Port Elizabeth of Yore: Cape Recife’s “Mary Celeste” Affair

The Mary Celeste, which is often erroneously referred to as Marie Celeste, was an American merchant brigantine discovered adrift and deserted in the Atlantic Ocean off the Azores Islands on December 4, 1872. The contents of the vessel, including the cargo, was still intact and useable. All that was missing was the lifeboat.

Eight years prior to this mysterious occurrence, Port Elizabeth bore witness to a similar incident which occurred off Cape Recife when a full-rigged sailing ship named Scindia was spotted drifting. For historical accuracy purposes, should the Mary Celeste not be referred to as the Scindia redux instead of vice versa?  

Main picture: An 1861 painting of Mary Celeste (named Amazon at the time), by an unknown artist

Captain Briggs of the Mary Celeste

Benjamin Briggs was one of five sons of a sea captain Nathan Briggs, with all but one of the sons going to sea and two becoming captains. Benjamin was an observant Christian who read the Bible regularly and often bore witness to his faith at prayer meetings. In 1862, he married his cousin Sarah Elizabeth Cobb, and enjoyed a Mediterranean honeymoon on board his schooner Forest King. Growing bored with the tedium of sea life, Benjamin purchased a share in a vessel, Mary Celeste, and in October 1872, Benjamin took command for her first voyage, following her extensive New York refit, which was to take her to Genoa in Italy. He arranged for his wife and infant daughter to accompany him, while his school-aged son was left at home with his grandmother. Briggs chose the crew for this voyage with care.

On October 20 1872, Briggs arrived at Pier 50 on the East River in New York City to supervise the loading of the ship’s cargo of 1,701 barrels of denatured alcohol; his wife and baby daughter joined him a week later. On Tuesday morning, Mary Celeste left Pier 50 with Briggs, his wife and daughter, and seven crew members, and moved into New York Harbour. The weather was uncertain, and Briggs decided to wait for better conditions. He anchored the ship just off Staten Island, where Sarah used the delay to send a final letter to her mother-in-law. “Tell Arthur,” she wrote, “I make great dependence on the letters I shall get from him, and will try to remember anything that happens on the voyage which he would be pleased to hear.” The weather eased two days later, and Mary Celeste left the harbour and entered the Atlantic.

A parallel mystery off Cape Recife

The life of a lighthouse keeper in days of yore must have been monotonous and one of solitude if one’s family did not reside with you. Yet occasionally, very infrequently, it would be filled with disaster, tragedy and paradoxically even excitement as vessels not adhering to shipping regulations would pay the consequences of their folly.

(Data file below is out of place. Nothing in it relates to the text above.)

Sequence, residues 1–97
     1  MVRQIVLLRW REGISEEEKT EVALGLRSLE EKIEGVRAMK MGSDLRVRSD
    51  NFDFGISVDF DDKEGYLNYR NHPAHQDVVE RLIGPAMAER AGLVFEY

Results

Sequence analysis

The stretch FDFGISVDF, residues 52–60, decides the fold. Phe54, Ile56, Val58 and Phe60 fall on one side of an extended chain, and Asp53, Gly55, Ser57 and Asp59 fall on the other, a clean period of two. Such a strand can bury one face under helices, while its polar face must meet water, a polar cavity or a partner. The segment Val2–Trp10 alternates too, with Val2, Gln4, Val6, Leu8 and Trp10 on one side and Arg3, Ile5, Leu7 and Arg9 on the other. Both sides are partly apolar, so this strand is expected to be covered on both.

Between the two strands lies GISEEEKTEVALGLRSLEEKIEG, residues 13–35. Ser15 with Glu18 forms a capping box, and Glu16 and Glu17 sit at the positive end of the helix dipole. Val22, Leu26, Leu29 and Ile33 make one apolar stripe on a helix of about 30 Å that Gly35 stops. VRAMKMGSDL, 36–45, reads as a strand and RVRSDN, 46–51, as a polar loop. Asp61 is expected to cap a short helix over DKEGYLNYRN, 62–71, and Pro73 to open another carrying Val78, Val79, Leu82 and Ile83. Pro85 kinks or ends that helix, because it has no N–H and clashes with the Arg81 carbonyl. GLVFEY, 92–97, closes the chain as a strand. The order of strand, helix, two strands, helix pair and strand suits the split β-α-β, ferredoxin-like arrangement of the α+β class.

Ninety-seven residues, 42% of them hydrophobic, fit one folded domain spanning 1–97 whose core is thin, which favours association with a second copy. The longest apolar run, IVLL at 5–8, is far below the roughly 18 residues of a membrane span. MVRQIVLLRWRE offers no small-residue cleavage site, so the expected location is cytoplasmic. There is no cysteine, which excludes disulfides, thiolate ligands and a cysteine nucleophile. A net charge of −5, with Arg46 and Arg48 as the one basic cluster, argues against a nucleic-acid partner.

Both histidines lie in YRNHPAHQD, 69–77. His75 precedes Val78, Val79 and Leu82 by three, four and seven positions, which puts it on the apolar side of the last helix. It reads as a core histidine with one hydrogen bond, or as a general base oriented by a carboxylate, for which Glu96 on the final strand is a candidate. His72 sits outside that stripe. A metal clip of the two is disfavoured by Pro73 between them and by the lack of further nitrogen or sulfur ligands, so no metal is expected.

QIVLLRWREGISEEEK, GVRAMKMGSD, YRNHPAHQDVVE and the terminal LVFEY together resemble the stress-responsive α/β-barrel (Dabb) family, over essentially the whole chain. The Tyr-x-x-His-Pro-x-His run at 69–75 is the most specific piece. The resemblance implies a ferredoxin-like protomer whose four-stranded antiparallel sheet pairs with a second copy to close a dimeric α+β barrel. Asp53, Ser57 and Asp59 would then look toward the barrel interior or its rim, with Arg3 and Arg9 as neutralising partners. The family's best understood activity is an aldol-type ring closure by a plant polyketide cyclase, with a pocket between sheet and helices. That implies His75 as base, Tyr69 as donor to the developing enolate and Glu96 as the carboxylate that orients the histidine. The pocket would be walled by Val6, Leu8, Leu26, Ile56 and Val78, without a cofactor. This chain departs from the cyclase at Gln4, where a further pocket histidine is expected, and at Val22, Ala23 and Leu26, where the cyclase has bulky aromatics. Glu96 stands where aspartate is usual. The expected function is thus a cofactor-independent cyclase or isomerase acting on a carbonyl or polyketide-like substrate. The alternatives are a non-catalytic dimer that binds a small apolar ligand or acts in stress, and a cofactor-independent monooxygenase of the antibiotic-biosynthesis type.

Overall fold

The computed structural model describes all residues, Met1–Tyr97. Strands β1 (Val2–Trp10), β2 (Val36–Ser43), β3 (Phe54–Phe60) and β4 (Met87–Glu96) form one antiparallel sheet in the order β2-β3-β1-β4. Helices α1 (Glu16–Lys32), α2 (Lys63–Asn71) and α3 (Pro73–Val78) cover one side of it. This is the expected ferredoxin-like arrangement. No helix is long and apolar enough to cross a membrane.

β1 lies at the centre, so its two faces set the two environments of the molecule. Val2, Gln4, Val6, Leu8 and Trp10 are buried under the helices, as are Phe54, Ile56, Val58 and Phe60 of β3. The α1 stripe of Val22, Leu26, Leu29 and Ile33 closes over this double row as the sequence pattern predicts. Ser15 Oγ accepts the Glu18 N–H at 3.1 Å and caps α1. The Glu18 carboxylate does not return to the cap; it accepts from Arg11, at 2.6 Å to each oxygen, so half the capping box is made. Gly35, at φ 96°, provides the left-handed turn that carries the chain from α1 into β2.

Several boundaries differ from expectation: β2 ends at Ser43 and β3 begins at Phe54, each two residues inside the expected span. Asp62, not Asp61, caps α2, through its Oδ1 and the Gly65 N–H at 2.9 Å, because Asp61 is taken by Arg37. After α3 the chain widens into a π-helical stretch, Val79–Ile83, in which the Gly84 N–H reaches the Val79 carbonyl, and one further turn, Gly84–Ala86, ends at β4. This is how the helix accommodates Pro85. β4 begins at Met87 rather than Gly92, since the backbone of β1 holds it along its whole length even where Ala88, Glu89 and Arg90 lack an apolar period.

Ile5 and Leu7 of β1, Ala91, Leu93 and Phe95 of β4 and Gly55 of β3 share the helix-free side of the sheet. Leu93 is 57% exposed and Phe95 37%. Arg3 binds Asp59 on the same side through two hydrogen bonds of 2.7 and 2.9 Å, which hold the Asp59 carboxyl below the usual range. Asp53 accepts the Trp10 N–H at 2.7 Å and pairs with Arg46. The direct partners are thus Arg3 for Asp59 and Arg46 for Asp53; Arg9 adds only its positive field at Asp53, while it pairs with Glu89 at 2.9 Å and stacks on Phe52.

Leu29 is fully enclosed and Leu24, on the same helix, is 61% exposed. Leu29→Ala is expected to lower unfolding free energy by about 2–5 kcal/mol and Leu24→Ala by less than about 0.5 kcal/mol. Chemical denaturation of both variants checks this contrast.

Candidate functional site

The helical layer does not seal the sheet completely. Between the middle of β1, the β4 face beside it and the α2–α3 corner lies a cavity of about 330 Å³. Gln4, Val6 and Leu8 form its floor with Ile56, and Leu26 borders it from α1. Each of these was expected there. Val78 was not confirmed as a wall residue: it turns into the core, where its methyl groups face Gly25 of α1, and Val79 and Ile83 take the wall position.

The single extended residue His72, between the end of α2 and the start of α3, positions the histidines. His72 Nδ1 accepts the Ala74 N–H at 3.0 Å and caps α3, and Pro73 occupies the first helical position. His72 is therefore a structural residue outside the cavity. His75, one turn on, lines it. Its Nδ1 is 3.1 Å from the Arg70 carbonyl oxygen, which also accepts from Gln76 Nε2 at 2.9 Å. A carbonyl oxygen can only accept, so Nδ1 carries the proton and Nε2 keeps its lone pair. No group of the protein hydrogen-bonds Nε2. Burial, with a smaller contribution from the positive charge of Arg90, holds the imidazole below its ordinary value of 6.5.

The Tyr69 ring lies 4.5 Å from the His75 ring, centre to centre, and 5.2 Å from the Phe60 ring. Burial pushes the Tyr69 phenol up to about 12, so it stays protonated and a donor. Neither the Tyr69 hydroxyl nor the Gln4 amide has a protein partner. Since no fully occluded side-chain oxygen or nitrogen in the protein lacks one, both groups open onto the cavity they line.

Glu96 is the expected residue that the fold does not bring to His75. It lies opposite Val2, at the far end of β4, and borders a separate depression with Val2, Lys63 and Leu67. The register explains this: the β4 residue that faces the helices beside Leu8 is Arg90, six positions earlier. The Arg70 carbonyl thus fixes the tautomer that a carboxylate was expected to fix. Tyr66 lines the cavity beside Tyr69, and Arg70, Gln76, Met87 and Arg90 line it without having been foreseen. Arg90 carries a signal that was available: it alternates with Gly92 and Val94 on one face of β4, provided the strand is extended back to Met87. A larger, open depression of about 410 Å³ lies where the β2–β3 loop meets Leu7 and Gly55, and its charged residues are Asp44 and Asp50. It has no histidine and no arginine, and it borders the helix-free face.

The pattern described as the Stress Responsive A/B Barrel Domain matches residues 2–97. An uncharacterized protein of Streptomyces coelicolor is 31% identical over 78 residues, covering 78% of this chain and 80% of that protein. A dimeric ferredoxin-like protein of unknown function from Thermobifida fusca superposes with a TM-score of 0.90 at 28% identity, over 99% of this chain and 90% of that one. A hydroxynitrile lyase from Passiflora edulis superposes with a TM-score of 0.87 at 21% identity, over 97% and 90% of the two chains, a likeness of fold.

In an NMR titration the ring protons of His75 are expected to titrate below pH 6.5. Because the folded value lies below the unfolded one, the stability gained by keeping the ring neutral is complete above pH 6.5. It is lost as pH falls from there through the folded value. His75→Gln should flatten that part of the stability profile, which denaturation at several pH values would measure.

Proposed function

So it was to be on one day in late September 1864, the lighthouse keeper at Cape Recife spotted a sailing ship flying the distress signal and showing signs of damage. He sent a message back to the harbour and three port launches “Sailor’s Friend”, “Little Bess” and “Little Meek”, set off with high hopes of earning salvage money. Much to their chagrin, when they reached the ship, however, they found two sailing ships standing by whose captains had come to an agreement to put a prize crew on board. The crews of the Port Elizabeth boats were not going to stand for this and attempted to put a pilot on board. A fight ensued and the boats had to withdraw. While they were pulling away a seaman named Phillips fell overboard and was drowned. And so, a stately convoy of three harbour boats, two sailing vessels and the damaged vessel sailed into the harbour.

Discovery of the Mary Celeste

The vessel, Dei Gratia, sailed from New York five days after the Mary Celeste. On Wednesday, December 4, 1872, Captain Morehouse came on deck and the helmsman reported a vessel about 9.7 km distant, heading unsteadily towards the Dei Gratia. The ship’s erratic movements and the odd set of her sails led Morehouse to suspect that something was wrong. As the vessel drew close, he could see nobody on deck, and he received no reply to his signals, so he sent Deveau and second mate John Wright in a ship’s boat to investigate. The pair established that this was the Mary Celeste by the name on her stern. They then climbed aboard and found the ship deserted. The sails were partly set and in a poor condition, some missing altogether, and much of the rigging was damaged with ropes hanging loosely over the sides. The main hatch cover was secure, but the fore and lazarette hatches were open, their covers beside them on the deck. The ship’s single lifeboat was a small yawl that had apparently been stowed across the main hatch, but it was missing, while the binnacle housing the ship’s compass had shifted from its place and its glass cover was broken. There was about 1.1 metres of water in the hold, a significant but not alarming amount for a ship of this size. A makeshift sounding rod (a device for measuring the amount of water in the hold) was found abandoned on the deck.

They found the ship’s daily log in the mate’s cabin, and its final entry was dated at 8 a.m. on November 25, nine days earlier. It recorded Mary Celeste‘s position then off Santa Maria Island in the Azores, nearly 400 nautical miles (740 km) from the point where Dei Gratia encountered her. Deveau saw that the cabin interiors were wet and untidy from water that had entered through doorways and skylights, but were otherwise in reasonable order. He found personal items scattered about Briggs’ cabin, including a sheathed sword under the bed, but most of the ship’s papers were missing along with the captain’s navigational instruments. Galley equipment was neatly stowed away; there was no food prepared or under preparation, but there were ample provisions in the stores. There were no obvious signs of fire or violence; the evidence indicated an orderly departure from the ship by means of the missing lifeboat.